The Giants (57-44) are in an enviable position entering Thursday's series finale. They own the National League's best record, as well as a two-game lead over second-place Los Angeles in the West race. With six victories in its last seven games, San Francisco will enter its three-game weekend showdown against the Dodgers at AT&T Park with no worse than a one-game edge in the division standings.
June's collapse is beginning to recede in the Giants' collective memory.
"It looks like we're playing a different kind of ball now than when we weren't doing so good," Bumgarner said.
Count on the unsinkable Pence to provide a necessary boost.
One day after the teams endured a 14-inning struggle, they reconvened at Citizens Bank Park and appeared destined for another extra-inning affair as Bumgarner matched zeros with Phillies starter A.J. Burnett.
Phillies closer Jonathan Papelbon (2-2), who blew a save opportunity Tuesday, set up San Francisco's fifth victory in a row over Philadelphia by hitting Michael Morse with a pitch to open the ninth. Adam Duvall and Tyler Colvin struck out, but after pinch-runner Gregor Blanco stole second base, Papelbon intentionally walked Brandon Crawford and walked Hector Sanchez to load the bases. That brought up Pence.
After taking a close 2-2 pitch, Pence guided Papelbon's next delivery inside the right-field foul line to send home all three runners. Santiago Casilla allowed a run in the ninth before securing his seventh save of the season.
"Honestly, that was just a well-placed ball," said Pence, whose .350 lifetime batting average against the Phillies ranks second among active players. "It wasn't like a crushed ball."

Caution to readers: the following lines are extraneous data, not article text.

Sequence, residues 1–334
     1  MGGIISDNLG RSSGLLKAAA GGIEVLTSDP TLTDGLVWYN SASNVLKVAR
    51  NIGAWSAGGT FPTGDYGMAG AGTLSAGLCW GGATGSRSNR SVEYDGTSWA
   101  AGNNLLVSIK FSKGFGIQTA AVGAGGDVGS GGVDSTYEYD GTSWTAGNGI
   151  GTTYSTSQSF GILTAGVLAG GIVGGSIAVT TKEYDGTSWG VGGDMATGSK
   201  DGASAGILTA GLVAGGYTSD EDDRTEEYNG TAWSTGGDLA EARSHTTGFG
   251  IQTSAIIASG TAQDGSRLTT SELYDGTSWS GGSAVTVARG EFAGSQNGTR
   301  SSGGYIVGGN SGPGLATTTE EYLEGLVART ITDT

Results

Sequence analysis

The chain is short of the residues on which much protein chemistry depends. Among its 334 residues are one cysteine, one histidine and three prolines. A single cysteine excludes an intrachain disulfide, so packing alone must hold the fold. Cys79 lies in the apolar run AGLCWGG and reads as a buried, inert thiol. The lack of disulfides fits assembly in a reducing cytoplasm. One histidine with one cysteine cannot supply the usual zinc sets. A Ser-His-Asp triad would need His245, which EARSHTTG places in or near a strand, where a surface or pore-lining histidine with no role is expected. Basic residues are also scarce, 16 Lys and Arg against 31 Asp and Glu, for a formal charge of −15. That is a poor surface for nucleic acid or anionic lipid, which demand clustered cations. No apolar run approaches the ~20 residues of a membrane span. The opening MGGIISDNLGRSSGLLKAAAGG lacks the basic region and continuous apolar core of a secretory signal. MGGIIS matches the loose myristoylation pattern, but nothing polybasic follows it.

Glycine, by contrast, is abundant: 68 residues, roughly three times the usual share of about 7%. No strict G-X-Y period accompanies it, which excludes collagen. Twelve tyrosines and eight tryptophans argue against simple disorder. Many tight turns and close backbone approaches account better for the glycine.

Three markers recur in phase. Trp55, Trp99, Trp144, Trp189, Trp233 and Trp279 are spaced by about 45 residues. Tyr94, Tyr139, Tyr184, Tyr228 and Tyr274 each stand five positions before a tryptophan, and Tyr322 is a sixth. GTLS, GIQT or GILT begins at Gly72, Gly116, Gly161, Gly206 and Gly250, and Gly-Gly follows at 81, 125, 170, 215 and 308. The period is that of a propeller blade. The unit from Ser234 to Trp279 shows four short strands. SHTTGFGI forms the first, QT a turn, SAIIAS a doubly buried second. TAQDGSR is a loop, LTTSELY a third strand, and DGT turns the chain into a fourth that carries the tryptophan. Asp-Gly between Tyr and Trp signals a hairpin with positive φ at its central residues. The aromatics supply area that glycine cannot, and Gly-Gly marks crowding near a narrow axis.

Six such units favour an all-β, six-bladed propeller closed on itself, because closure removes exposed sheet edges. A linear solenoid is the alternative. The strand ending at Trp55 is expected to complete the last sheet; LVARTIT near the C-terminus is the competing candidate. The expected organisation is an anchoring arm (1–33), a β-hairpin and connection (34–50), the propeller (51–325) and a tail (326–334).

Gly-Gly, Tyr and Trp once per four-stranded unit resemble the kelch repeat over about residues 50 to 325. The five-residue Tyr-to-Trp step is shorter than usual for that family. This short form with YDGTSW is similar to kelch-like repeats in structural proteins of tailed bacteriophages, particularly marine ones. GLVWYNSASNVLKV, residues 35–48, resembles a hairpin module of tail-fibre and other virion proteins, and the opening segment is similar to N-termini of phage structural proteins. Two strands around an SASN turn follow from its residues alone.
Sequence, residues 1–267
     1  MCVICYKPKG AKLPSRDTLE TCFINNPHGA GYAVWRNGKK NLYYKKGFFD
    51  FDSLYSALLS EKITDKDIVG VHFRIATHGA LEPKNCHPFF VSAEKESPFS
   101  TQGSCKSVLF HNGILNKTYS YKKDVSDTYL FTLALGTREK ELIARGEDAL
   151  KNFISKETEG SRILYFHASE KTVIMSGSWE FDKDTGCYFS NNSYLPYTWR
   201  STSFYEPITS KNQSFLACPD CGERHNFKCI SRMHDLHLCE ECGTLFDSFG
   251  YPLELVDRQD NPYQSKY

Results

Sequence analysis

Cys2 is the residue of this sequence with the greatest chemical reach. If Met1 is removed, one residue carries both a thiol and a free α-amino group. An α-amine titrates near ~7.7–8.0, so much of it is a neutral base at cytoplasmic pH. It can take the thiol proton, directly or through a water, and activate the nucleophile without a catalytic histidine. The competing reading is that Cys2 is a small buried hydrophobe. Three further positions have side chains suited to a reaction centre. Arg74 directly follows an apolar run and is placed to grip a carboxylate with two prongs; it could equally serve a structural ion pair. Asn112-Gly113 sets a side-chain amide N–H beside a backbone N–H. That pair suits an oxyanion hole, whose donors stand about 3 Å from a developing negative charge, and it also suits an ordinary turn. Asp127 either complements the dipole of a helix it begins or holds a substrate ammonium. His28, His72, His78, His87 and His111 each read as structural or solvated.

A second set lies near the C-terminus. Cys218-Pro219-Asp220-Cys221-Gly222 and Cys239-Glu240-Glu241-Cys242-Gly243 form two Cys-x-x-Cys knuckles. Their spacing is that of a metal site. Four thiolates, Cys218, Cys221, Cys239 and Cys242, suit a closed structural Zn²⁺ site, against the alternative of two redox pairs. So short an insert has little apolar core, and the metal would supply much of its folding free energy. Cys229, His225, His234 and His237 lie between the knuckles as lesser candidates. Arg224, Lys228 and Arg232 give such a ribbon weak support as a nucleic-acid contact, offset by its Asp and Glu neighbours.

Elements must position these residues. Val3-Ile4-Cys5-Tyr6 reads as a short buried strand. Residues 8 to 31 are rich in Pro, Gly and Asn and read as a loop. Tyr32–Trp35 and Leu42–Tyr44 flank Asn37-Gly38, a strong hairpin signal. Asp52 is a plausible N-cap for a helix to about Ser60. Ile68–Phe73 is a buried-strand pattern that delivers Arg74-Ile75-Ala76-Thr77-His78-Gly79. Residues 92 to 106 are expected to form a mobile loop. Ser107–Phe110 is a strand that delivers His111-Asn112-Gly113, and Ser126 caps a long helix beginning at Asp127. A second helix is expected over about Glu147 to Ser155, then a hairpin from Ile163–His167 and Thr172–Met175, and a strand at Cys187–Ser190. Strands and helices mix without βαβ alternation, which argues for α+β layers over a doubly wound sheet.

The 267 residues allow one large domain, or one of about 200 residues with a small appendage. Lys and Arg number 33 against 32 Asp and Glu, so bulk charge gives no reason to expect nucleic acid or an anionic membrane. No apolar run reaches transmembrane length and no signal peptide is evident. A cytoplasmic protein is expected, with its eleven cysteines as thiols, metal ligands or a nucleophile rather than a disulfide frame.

It might not have been Pence's biggest moment of the night, either. During pregame stretching, he pretended to administer CPR to the Phillie Phanatic, the famed mascot who was lying motionless nearby.
"I just didn't want him to die," Pence said.
Bumgarner (12-7) needed no such assistance while delivering a highly efficient effort that featured zero walks and only five hits allowed. The left-hander ignored the possible negative effects of a 59-minute rain delay in the fourth inning to win his third consecutive start spanning an 11-day stretch. After Carlos Ruiz doubled with one out in the second inning, Bumgarner retired 16 of the next 17 batters he faced.
By working deep into the game, Bumgarner allayed the fears of Giants general manager Brian Sabean and manager Bruce Bochy, who discussed which Minor Leaguers they might rush onto the roster to provide help for a bullpen that logged 15 innings in the series' first two games. Bochy acknowledged that he might have been forced to remove Bumgarner for precautionary purposes had the delay lasted several minutes longer.
"He gave us everything we needed and more," Bochy said of Bumgarner, who's 8-2 on the road.
The Phillies launched an eighth-inning rally as Ruiz and Domonic Brown singled, but Bumgarner responded by retiring the next three hitters.
Asked if he summoned additional motivation to stop the Phillies in the eighth, Bumgarner said, "I'm sure you probably do get a little extra adrenaline. It's probably hard to realize it at the time, but knowing [those] could be the game-winning runs or the game-losing runs -- if you're going to get beat, you want to get beat on your best stuff. You don't want to try to conserve pitches."